The IMDEX Solution for Accurate Core Orientation and Logging
By Marcelle P. Villegas
If you need to accomplish tasks such as ordering food, checking the movie schedules, or doing bank transactions, there are apps that one can download on a smartphone or tablet to do these and more. In mining, wouldn't it be great to have an app that can monitor real-time drilling activities and other stages and details of an operation? This is a fascinating option that is offered by a company called IMDEX.
Before the year ended last year, Mr Ryan Cairns of REFLEX (a branch of a company called IMDEX), was the Industry Hi-Lite Speaker at the Philippine Mining and Exploration Association (PMEA) Monthly Membership Meeting. The topic was "The Importance of Accurate Core Orientation and Logging - The Imdex Solution".  Mr Cairns is the Area Manager in Southeast Asia for REFLEX.
Ryans Cairns is a graduate of the University of Birmingham, United Kingdom, with a bachelor's degree in Geological and Earth Sciences/Geosciences with honours. He has work experience on exploration in the Philippines, Laos, Myanmar, India and Papua New Guinea.
Mr Cairns is an elected fellow of the Geological Society of London and an elected member of the Society of Petrophysicists and Well Log Analysts.
Real-Time Subsurface Solutions
In planning a mining operation, it is important to have accurate core orientation and structural logging. Thus REFLEX offers "Real-Time Subsurface Solutions." Mr Cairns explains, "The IMDEX group is made up of two components. The group where I work for is REFLEX and we specialise in geotechnical, geochemical and geophysical analysis."
"The other side of the business is AMC or Australian Mud Company Pty. Ltd. and they focus on the fluids used during the drilling process to keep borehole stable while still drilling."
AMC's headquarters is in Perth, Australia with offices in North and South America, Africa, and Europe.
"Together, AMC and REFLEX aim to redefine the way drilling fluids, equipment and technology are used to ensure execution of drilling programs are to specification -- on time, within budget and safety."
IMDEX group has five main solution sets, namely: Downhole Navigation, Structural Geology, In-Filed Geoanalysis, Driller Operable Geophysics, and Drilling Optimisation.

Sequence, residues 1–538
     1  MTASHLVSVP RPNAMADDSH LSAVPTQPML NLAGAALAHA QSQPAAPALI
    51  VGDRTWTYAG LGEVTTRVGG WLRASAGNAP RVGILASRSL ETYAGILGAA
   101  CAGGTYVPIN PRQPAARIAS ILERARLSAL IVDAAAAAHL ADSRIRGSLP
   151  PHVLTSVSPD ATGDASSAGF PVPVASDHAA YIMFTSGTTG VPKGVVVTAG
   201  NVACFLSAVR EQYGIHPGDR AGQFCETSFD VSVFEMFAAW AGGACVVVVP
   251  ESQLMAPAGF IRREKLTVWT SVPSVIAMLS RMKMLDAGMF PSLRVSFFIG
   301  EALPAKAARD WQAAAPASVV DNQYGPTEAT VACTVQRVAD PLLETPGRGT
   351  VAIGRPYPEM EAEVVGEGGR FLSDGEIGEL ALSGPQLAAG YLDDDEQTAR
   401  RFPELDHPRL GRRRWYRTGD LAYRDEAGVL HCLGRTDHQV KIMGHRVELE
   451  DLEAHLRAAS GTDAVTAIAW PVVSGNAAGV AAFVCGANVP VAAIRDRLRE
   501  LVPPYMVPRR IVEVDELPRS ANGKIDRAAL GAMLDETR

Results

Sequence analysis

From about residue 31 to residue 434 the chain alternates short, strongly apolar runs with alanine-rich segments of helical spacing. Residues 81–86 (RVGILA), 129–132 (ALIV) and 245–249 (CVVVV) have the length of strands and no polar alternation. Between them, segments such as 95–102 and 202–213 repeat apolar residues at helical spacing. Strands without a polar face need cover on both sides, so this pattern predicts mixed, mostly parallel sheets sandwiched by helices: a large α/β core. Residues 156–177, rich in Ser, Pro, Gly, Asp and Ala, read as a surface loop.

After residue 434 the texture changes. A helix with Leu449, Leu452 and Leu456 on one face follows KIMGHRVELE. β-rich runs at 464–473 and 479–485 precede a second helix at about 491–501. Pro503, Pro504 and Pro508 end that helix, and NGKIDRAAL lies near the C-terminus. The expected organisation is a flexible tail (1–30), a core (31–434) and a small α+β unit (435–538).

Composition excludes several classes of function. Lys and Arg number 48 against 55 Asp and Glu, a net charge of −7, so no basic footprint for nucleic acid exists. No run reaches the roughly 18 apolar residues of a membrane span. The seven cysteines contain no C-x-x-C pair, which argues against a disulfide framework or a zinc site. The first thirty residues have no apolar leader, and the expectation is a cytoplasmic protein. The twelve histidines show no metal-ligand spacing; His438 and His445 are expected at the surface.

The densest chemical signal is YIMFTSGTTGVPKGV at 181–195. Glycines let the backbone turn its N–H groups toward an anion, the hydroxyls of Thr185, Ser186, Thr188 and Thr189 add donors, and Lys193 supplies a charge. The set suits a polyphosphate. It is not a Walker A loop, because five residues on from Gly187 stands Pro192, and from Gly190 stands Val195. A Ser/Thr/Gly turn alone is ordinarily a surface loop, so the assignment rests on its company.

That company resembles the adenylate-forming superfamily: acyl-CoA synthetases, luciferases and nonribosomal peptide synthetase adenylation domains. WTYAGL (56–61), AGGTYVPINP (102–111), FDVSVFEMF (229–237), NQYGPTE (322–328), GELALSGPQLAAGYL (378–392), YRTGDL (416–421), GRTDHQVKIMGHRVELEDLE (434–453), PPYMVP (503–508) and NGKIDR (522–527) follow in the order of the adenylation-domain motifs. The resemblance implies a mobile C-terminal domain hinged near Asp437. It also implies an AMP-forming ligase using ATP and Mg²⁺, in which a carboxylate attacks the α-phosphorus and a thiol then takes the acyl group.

During his presentation, Mr Cairns focused on structural geology and the world of apps for mining activities. "We just released the world's first non-radioactive driller operated downhole gamma survey for geophysical analysis. We have Downhole Navigation which has devices that goes down drillholes in order to tell you the azimuth, dip and direction of that drillhole. And we have Drilling Optimisation, which is the drilling fluid, which is the AMC side of the business."
"If I want to order a pizza, I use an app. If I want to order a taxi, I use an app. However, in the mining and the exploration game, almost nothing is seen pushed to this level. We still have people writing information on pieces of paper, sending it downhill with a guy in a motorbike, to send it to a core shed to upload it to a database. This is the wrong way of doing things.
What we have really tried to push is to bring all of our instruments into real-time analysis," said Mr Cairns.
IMDEXHUB-IQTM (formerly called REFLEXHUB-IQTM) is an application that provides secure access to validated data which is transmitted from a range of sub-surface instrumentation, analytical instruments and mobile form data inputs. This provides a convenient and immediate access to the information you need, wherever you are. In effect, this will improve drilling contractor productivity and transparency across multiple streams of data. 
"So if I had a drilling project down in Zamboanga and I used one of the REFLEX instruments, whether it is geochemical or geophysical, that instrument would then send that data up to our cloud." He explains that in using this app, one can monitor the operation and check activity details while stuck in traffic on EDSA, for example. Moreover, using the IMDEXHUB-IQTM, he states, "I get a notification on my phone via this app and I would be able to see in real-time and start making real-time decisions on my exploration project."
Regarding structural maintenance, he said, “One of the most important questions that we get is 'Why do we need to have reliable and accurate structural measurements?’" It is important because it will help us predict the location where ore can be found or where more ore is located. "I need to be able to determine how my blocks of ore are going to behave during mining. Not only that, but I need to be able to predict the ground conditions, so when I am mining, I am mining safely and effectively."
Having the ability to predict the ground conditions will ensure safe mining and tunnelling.
Traditionally, anyone who has been a geologist in a core shed knows that collecting data is time consuming. It is a repetitive work where there is a tendency to end up with partial or inaccurate data which in turn may lead to fatal errors. 
Mr Cairns further explains the importance of accuracy of the drillhole surveys and the core orientation mark or line. "Quality Structural Measurements are always very important. They are only as good as the drillers and the geologist's care factor, and information they are trying to get from the drill hole. We need to have an accurate drillhole survey so these are the devices that go down the borehole path to tell us exactly where that core is coming from. If am a geologist or mining engineer and I am trying to make an analysis on a piece of core and I don't know exactly where that core is coming from in 3D space, then I am wasting my time."
"And the same thing comes from the orientation mark or line. If I don't know how that core looked prior to being drilled, I am going to make errors and make assumptions and going to be incorrect when I start my resource models or when I start to make my mine plans."